Q COSTA RICA – Two young Costa Rican women (Ticas), studying in Barcelona, Spain, were “injured” in the terrorist attack that shook Barcelona Thursday afternoon.
The Foreign Ministry confirmed the report, updating the initial reports that no Costa Ricans had been affected during the attack in one of the main tourist areas of the Mediterranean coastal city.
“Both are in their apartments and out of danger. We are not permitted to make public their names,” the Foreign Ministry said in a statement.
During the noon television newscast by local channel 7, Telenoticias, a telephone report by a Costa Rican in Barcelona said no Costa Ricans had been affected by the attack. The Foreign Ministry updated the information later in the afternoon.
At least 13 people more than 80 people, of which more than a dozen are in critical condition, were injured in the “terrorist” attack in Barcelonas’ Las Ramblas district.
According to the Foreign Ministry consular registry, there 25 Costa Ricans registered in Barcelona.
“We have implemented the security protocol, which implies that the consulate general is in direct contact with the permanent center of the Ministry of the Interior of Spain and with the Specialized National Police. It also activates the honorary consulate that Costa Rica has in Barcelona,” Costa Rica’s ambassador to Spain, Doris Osterlof, said at noon.
The Costa Rica embassy also urged the families of Costa Rican who are traveling through Barcelona, to notify the Consulate in case they have not received information from their relatives.
The consulate number in Spain is 0034 603227609 or that of Spain’s National Police 0034 902400012.
The Barcelona Van Attack
A white van drove into a busy tourist district, down the pedestrian concourse in Las Ramblas, a popular area in the heart of Barcelona, and continued driving for more than 500 meters (5
A white van drove into a busy tourist district, down the pedestrian concourse in Las Ramblas, a popular area in the heart of Barcelona, and continued driving for more than 500 metres (5 blcoks) at speeds of 80 km/h (50 mph) while crashing into pedestrians until it hit a newspaper kiosk and stopped.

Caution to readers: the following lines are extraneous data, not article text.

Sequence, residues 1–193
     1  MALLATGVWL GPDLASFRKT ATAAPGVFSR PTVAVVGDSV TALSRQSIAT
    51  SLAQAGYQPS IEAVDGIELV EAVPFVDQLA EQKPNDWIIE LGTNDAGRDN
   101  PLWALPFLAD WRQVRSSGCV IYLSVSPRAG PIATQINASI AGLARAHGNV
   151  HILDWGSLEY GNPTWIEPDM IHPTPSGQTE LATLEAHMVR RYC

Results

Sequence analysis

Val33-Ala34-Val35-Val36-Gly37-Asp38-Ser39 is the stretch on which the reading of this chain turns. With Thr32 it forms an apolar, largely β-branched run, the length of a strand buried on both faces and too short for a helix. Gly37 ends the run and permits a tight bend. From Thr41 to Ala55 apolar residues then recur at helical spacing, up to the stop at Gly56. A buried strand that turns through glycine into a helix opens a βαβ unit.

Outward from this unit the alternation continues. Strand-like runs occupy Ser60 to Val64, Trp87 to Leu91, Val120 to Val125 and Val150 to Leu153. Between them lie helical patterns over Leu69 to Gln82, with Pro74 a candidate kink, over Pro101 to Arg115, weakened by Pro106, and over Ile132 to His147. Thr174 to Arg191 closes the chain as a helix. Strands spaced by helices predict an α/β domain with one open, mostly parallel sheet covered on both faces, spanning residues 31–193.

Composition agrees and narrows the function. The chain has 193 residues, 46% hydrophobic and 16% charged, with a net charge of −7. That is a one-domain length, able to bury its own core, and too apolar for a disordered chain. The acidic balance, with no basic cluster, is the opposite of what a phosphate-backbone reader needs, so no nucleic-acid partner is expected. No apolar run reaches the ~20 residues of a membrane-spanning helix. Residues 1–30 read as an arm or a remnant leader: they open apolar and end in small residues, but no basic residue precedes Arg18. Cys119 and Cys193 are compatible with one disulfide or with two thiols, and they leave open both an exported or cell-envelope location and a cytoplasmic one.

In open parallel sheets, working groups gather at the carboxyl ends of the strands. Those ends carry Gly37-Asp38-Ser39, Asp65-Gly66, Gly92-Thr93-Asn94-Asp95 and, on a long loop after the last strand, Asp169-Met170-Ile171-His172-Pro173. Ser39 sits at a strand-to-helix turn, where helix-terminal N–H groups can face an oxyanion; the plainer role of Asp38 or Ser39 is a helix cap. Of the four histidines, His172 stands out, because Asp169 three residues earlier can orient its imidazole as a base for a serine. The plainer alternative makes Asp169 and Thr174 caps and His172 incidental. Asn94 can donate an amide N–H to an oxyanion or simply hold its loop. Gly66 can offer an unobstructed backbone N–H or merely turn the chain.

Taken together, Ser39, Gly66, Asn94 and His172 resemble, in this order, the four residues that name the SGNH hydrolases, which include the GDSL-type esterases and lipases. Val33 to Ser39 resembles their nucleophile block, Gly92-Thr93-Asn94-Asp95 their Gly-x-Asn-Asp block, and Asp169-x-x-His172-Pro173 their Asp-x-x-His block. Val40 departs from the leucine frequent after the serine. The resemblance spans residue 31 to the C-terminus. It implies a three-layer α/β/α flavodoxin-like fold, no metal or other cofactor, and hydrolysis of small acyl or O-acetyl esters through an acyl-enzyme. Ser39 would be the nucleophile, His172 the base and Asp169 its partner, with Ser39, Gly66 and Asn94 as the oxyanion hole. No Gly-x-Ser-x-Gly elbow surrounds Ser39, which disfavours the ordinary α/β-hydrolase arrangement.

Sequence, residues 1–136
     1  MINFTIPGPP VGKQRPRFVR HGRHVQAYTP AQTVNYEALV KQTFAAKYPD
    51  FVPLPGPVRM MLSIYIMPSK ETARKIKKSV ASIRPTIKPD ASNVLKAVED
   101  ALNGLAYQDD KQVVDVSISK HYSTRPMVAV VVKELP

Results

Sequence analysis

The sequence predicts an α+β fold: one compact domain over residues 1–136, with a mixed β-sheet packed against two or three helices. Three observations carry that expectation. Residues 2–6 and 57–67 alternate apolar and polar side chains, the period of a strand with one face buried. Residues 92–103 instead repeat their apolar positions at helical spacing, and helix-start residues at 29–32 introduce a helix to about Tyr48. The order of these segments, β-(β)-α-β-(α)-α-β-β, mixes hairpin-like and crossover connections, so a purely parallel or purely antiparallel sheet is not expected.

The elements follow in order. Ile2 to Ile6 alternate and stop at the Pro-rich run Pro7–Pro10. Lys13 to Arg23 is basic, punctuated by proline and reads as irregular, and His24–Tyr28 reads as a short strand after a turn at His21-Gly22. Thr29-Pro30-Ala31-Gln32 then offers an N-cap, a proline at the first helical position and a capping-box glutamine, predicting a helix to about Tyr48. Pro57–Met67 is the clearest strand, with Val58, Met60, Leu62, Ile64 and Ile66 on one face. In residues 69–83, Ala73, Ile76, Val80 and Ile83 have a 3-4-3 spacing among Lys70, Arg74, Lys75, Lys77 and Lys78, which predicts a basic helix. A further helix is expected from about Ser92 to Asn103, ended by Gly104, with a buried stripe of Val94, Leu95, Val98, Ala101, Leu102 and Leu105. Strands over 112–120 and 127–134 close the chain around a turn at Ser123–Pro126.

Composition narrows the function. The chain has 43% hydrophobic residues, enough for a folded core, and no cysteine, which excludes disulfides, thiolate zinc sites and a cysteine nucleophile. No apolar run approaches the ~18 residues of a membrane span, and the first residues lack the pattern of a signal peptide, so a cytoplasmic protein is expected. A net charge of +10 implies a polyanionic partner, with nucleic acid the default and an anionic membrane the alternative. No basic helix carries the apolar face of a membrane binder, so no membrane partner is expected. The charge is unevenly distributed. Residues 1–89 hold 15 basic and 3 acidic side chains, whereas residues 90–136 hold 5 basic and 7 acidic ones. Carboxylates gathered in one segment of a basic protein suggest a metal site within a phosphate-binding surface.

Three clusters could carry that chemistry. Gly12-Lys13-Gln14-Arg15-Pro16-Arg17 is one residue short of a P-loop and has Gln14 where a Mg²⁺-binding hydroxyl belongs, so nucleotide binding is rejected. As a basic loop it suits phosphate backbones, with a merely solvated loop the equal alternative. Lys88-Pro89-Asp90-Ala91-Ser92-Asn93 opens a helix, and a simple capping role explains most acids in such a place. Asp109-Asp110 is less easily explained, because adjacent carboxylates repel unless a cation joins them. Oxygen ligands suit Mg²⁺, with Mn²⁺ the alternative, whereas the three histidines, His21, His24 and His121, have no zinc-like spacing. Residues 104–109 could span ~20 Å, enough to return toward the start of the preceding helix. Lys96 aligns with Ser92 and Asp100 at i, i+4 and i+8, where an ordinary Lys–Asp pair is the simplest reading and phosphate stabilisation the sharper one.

The Spanish newspaper El País, citing police sources, said the driver of the vehicle fled on foot. Two arrests were made in connection with the attack, local police confirmed on Thursday evening. A second van linked to the attack was found in the small town of Vic in Catalonia.
A popular tourist district
The area of Las Ramblas comprises a long pedestrian concourse made up of a series of ramblas, flanked on either side by carriageways for vehicles. It is one of the city’s favorite tourist destinations. People walk down the wide, pedestrianized path in the center of the street, but cars can travel on either side.
The boulevard also forms the border between Barcelona’s Gothic Quarter and the El Raval neighborhood, both part of the historic old city and considered tourist hotspots.
Attacks in Europe
Up to now Spain had been spared the recent extremist violence that has occurred in France, Belgium, Germany and the UK.
But it was hit by what is still Europe’s deadliest jihadi attack in March 2004, when bombs exploded on commuter trains in Madrid, killing 191 people in an attack claimed by al-Qaida-inspired extremists.
Vehicles have been prominently used across Europe in extremist attacks since July 2016, with more than 100 people killed in London, Nice, Stockholm and Berlin.